Financial products based on renewable energy and sustainable agriculture are emerging in Islamic finance as asset managers seek a crossover opportunity between ethical and sharia-compliant investing.
Islamic finance follows religious principles which forbid involvement in activities such as gambling, tobacco and alcohol, but the industry has only recently begun to stress themes of wider social responsibility, such as protecting the environment.
Last week, Malaysia announced guidelines for issuance of socially responsible sukuk (Islamic bonds), aimed at helping firms raise money for projects ranging from renewable energy to affordable housing.
In April the Dubai Supreme Council of Energy, a government planning body, and the World Bank signed an agreement to develop funding for the emirate’s green investment programme, including “green” Islamic bonds. Dubai aims to derive 5 percent of its energy from sustainable sources and retrofit buildings to reduce energy consumption.
Meanwhile, firms in Britain, Canada and Hong Kong are offering sharia-compliant investments in sustainable farming ventures, which may attract money from Islamic investors in the Gulf and southeast Asia as well as from local investors.
The reasoning is that green investment products can tap a wider range of demand if they are made sharia-compliant to appeal to Muslims. At the same time, non-Muslims who might normally shy away from Islamic investments – because of concerns about pricing, complexity and lack of familiarity – may embrace them if they are green.
It is not yet clear how much success these efforts will have. In past years, Islamic mutual funds made forays into the market for socially responsible investments, but those efforts have struggled, partly because of limited distribution channels.
Fund houses from the Gulf and southeast Asia sought to distribute some of their Islamic funds to European investors using UCITS, a “common passport” for investment products, but they have had only mixed success, and a high-volume business has not developed.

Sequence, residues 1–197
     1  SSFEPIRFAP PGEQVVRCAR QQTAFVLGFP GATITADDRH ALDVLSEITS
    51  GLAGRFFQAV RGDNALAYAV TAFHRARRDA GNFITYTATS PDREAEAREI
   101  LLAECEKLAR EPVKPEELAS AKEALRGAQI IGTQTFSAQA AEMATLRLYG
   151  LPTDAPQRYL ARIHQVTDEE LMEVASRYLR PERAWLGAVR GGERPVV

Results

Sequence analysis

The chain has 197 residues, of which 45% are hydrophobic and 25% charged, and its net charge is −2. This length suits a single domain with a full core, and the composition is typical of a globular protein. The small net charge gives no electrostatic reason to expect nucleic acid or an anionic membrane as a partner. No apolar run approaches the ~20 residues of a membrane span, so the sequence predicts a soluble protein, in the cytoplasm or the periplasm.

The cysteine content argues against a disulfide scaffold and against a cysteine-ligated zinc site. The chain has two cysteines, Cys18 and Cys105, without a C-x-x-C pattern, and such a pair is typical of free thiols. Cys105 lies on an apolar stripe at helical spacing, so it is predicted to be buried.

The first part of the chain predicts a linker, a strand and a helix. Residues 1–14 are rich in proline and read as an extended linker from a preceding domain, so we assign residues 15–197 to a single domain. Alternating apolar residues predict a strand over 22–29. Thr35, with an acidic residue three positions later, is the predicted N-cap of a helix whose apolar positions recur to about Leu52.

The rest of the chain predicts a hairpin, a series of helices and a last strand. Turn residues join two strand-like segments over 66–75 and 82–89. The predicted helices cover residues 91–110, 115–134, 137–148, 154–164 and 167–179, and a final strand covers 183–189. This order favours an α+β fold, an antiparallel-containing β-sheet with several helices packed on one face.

The new crossover products are not mutual funds but instruments tailored specifically to invest in a certain type of asset in a specific country or region. They combine Islamic screens – lists of criteria for sharia compliance – with other practices required by sustainable investment firms.
In June, Ontario-based AGInvest Properties developed a sharia-compliant investment product providing ownership of Canadian farmland, supervised by Bahrain-based advisory firm Shariyah Review Bureau (SRB).
The venture would buy prime agricultural land which the firm would manage to ensure sustainability through soil preservation, crop rotation and selection of farm operators, said Robbie Duncan, Dubai-based vice president of AGInvest.
The company, which currently manages 70 million Canadian dollars ($64 million) worth of agricultural land, has begun marketing its sharia-compliant product to investors in the Gulf.
A Saudi firm has expressed interest in setting up a similar fund with AGInvest as adviser, said Duncan, without naming the Saudi firm.
“We have found that three main trends have promoted this agri-business: the need for a stable ethical investment, an investment which promotes and aids the betterment of a community, and the need for food security.”
It is the third agriculture-based investment screened by SRB since December, said Yasser Dahlawi, SRB’s chief executive.
“There are only finite amounts of agricultural resources available to the Islamic investor community,” Dahlawi said.
British-based SCS Farmland is offering a sharia-compliant investment programme for Argentinian farmland, while Hong-Kong based Treedom Group is offering Islamic investors an agarwood venture.
Success for all of these ventures is by no means guaranteed, and it is too early to say whether this form of crossover investing will have more success than the Islamic mutual funds previously marketed in Europe.
One environmentally friendly, sharia-compliant investment project in Britain failed to go through earlier this year.
British-based Islamic financial advisory firm Simply Sharia planned to raise 3 million pounds ($5 million) by the end of June to build a solar energy plant, using tax relief from the government’s Enterprise Investment Scheme to create a wakala funding structure.
But the project was unable to reach its funding target by the deadline, partly because as a sharia-compliant structure it could not use leverage like conventional financial products, which limited the returns that could be offered. The project was too small to be financed with sukuk.
“There was a performance differential between conventional solar EIS products (target return 1.15 pounds per pound invested) and the sharia-compliant product (target return of 1.10 pounds per pound invested),” said Anas Hassan, managing director of business finance at Simply Sharia.
“This differential was mainly due to the high level of debt in the structure of the conventional product, whereas the sharia-compliant version was a pure equity play.”
*This article was originally published on Reuters on 2 September 2014. Read the original article here.